UCLA scientists store materials in cells' natural vaults

Mar 08, 2005

Method may offer safer way to target drugs to living cells

In the realm of nanotechnology, or study of the tiny, scientists often aim to safely deliver and leave material in the human body without causing harm. A big challenge is how to design a package for this biomaterial that will be compatible with living cells and will not provoke an immune reaction. Previous efforts have relied upon viruses or artificial chemicals to house and deliver drugs or other substances to targeted cells.

Scientists at the David Geffen School of Medicine at UCLA have exploited thousands of tiny capsules in cells to store vast amounts of biomaterial. Dubbed vaults – for their high arches reminiscent of cathedral ceilings – these naturally occurring capsules may prove less likely to elicit an immune response than foreign carriers like viruses.

The UCLA discovery will enable many potential applications, including:

-- Therapeutic delivery, such as homing cancer drugs directly to a tumor cell without harming healthy tissue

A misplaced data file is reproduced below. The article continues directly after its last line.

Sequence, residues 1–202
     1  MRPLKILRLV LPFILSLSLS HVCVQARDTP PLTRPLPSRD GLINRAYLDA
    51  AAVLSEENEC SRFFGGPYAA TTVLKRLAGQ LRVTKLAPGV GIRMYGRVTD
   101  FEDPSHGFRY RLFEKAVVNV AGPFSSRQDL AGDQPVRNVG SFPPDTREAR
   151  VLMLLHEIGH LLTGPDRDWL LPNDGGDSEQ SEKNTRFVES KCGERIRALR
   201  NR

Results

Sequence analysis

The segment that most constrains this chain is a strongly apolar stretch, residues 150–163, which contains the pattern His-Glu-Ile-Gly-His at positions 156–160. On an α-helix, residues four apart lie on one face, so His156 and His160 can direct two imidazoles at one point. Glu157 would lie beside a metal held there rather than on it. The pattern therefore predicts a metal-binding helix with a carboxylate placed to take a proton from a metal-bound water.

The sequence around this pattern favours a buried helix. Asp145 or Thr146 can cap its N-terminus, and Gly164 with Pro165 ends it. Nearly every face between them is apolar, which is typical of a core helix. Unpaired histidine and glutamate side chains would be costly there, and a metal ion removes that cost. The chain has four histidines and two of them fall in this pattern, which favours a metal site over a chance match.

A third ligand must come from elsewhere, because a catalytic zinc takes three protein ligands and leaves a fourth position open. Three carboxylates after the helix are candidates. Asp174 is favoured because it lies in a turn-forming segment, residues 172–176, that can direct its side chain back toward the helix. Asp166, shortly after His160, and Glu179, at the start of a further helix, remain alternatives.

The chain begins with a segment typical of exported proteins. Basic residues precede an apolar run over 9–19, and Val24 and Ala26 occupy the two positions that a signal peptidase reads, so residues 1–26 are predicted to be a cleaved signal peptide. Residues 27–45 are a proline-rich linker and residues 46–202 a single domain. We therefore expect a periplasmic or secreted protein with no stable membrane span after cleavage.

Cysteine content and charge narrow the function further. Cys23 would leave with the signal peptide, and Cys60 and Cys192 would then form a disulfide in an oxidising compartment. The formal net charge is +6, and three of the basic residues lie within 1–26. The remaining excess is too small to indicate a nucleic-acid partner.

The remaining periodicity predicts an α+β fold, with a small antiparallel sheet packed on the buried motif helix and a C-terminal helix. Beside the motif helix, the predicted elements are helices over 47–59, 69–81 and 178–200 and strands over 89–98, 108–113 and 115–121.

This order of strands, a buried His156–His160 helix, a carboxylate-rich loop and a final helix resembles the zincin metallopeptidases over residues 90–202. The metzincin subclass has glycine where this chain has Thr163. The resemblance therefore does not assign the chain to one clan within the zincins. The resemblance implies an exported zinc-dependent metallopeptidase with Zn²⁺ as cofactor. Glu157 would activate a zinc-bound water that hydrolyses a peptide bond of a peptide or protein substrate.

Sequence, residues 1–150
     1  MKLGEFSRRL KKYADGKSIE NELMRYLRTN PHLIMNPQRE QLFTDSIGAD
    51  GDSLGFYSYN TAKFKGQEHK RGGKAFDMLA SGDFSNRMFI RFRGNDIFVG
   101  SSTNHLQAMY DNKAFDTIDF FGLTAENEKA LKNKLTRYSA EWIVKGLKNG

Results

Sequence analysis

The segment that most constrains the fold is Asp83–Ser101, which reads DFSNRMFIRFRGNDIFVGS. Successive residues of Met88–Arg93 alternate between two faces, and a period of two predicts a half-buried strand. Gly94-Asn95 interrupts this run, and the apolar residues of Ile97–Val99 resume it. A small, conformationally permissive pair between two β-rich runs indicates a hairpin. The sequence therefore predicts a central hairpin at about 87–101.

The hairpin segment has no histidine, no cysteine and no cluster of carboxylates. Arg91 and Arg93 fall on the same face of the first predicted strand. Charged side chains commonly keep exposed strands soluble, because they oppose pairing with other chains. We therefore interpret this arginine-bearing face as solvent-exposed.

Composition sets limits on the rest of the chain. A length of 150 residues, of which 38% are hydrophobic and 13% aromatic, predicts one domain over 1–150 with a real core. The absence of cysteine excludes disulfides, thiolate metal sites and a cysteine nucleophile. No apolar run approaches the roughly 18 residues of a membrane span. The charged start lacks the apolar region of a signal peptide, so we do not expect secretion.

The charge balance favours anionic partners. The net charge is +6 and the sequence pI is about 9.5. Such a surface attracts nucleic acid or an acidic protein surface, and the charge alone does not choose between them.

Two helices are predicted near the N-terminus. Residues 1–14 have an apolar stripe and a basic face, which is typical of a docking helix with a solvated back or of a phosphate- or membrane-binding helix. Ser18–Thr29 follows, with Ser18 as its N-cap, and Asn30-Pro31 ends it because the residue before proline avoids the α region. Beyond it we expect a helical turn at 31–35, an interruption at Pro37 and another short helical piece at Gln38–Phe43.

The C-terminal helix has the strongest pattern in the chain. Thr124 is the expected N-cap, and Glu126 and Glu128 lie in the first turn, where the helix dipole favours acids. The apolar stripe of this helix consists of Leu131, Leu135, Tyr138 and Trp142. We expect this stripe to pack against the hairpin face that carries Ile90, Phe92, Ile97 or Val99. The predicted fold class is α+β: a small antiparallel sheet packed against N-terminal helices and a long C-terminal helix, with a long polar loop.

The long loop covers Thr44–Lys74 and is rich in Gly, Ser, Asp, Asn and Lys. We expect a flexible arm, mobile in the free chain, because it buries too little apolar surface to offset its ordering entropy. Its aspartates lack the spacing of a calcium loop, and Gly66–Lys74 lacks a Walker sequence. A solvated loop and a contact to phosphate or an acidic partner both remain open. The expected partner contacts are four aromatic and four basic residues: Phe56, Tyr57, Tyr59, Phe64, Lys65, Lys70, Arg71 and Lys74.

-- Enzyme delivery to replace missing or defective enzymes, such as those that cause Tay Sachs disease
-- DNA delivery to correct genetic mutations
-- Timed release of drugs, enzymes and DNA
-- Extracting and imprisoning cellular toxins into the vault
-- Stabilizing proteins in vaults to increase their lifespans

Publication: The Proceedings of the National Academy of Sciences
www.pnas.org/cgi/content/abstract/0500929102v1

Source: University of California - Los Angeles

Explore further: Simple method of binding pollutants in water

add to favorites email to friend print save as pdf

Related Stories

Recommended for you

Designer's toolkit for dynamic DNA nanomachines

14 hours ago

The latest DNA nanodevices created at the Technische Universitaet Muenchen (TUM)—including a robot with movable arms, a book that opens and closes, a switchable gear, and an actuator—may be intriguing ...

Chemists make new silicon-based nanomaterials

15 hours ago

Chemists from Brown University have found a way to make new 2-D, graphene-like semiconducting nanomaterials using an old standby of the semiconductor world: silicon.

Simple method of binding pollutants in water

19 hours ago

New types of membrane adsorbers remove unwanted particles from water and also, at the same time, dissolved substances such as the hormonally active bis-phenol A or toxic lead. To do this, researchers at the ...

Gold nanoparticles for targeted cancer treatment

19 hours ago

The use of tiny drug-loaded nanocarriers for the safe, targeted delivery of drugs to designated parts of the body has received much press in recent years. Human trials of nanocarriers targeting pancreatic ...

User comments : 0

Please sign in to add a comment. Registration is free, and takes less than a minute. Read more

Click here to reset your password.
Sign in to get notified via email when new comments are made.